There are many ways to improve your credit health, including reviewing your credit score report to ensure there are no inaccuracies, and if there are, addressing them with a credit bureau to correct. Also, paying off outstanding debts shown on your credit report will also aid in staying on top of your credit health.
4. Always check your individual credit scores before applying jointly for any funds, like a loan.
If either of you, or both, find your score may be considered “too low” by some banks to be approved for a loan, there are a couple options to consider: You could follow the steps below to build credit together and take out the loan when you both will jointly qualify, or consider having one spouse take out the loan themselves. The spouse with the best credit score could apply for a personal loan.
5.You can build better credit together.
The big lesson here I’m trying to convey is that it’s important for both spouses to get serious about their credit health. Even if you each have separate credit scores, your destinies are still intertwined. If one of you has bad credit and doesn’t take steps to fix it, you could miss out on buying a home, borrowing money to start a business or other financial goals.
If you are the spouse with bad credit, get your financial ducks in line so you can achieve the goals you’ve set with your spouse. Be totally honest about your credit score too, so your spouse is in the know before you take on joint accounts together and can make financial plans for realistic goals.
Either way, there is never any excuse that stops you from sitting down and writing out your long-term goals together, including any steps you need to take to improve your credit health. In fact, here are a few steps you can work on right away:
- Keep an eye on your credit scores. The best way to start building credit together is to see how your credit looks today. You can access a free Credit Scorecard website to see their credit score. You can also get a free copy of your entire credit report from all three credit reporting agencies at AnnualCreditReport.com once per year.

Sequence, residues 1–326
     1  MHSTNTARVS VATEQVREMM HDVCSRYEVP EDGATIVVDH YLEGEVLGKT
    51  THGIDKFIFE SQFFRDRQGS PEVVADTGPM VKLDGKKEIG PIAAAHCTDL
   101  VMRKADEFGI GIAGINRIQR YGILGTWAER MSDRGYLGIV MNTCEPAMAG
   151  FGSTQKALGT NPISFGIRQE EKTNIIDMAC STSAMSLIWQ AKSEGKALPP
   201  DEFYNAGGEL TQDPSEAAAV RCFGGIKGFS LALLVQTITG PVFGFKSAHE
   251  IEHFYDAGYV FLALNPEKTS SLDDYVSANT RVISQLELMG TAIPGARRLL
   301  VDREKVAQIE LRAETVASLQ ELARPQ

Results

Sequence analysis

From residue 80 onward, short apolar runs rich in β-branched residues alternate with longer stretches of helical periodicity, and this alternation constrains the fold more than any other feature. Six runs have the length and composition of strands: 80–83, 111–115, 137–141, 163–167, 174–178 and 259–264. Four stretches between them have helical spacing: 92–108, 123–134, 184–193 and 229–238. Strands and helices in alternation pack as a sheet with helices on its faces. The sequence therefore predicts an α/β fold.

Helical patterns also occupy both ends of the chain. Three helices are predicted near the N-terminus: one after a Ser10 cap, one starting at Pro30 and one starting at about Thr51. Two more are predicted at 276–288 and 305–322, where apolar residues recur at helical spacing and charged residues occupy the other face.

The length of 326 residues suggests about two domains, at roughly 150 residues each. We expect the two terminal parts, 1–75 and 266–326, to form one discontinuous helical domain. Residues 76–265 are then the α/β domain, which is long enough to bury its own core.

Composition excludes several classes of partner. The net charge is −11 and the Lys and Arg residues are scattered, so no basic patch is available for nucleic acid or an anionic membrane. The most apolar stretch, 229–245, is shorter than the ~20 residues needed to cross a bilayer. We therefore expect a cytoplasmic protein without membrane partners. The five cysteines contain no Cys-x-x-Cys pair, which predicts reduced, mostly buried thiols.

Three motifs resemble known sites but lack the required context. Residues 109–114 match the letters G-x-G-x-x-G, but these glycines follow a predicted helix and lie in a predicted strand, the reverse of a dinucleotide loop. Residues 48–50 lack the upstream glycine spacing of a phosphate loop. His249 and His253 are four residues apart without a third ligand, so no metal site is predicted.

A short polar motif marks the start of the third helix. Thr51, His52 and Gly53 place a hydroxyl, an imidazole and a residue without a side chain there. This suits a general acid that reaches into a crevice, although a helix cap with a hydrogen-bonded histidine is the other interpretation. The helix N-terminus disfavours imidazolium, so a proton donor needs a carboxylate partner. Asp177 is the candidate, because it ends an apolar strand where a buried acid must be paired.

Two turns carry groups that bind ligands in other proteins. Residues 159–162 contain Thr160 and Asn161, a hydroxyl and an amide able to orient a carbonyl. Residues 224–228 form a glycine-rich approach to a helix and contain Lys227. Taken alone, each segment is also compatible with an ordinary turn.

- Pay off debts in default or collections. If either one of you have debt in default or collections, it’s important to create a plan to take care of those liabilities right away. Call your creditors to come up with a payment plan, then get to work paying everything off. It may take a while, but your best bet is getting started right away.
- Pay down other debts. According to myFICO.com, the second most important factor affecting your credit score is the amount you owe in relation to your credit limits, or how much debt you have. The less you owe, the better your debt-to-income ratio and the more potential for a higher score. With this in mind, it’s smart to pay off debt and work on getting your debt-to-income ratio as low as you feasibly can.
- Consider a debt consolidation loanto combine all payments into one fixed monthly payment. Some creditors, like Discover Personal Loans, even pay your creditors directly, which can make managing debt easier for you or your spouse.
- Make all your monthly payments on time. The most important factor used to determine your credit score is your payment history. To give yourself the best potential for a high score, you should pay all of your bills early or on time.
The Bottom Line
When it comes to marriage and credit, it’s important to remember you’re in this together. Despite the fact that you have separate credit scores, your fates and lives are intertwined. The best thing any married couple can do is sit down and hatch a plan to improve your credit and your overall financial health together.
With enough time and effort, you could be on your way to a lifetime of good credit and financial prosperity in no time.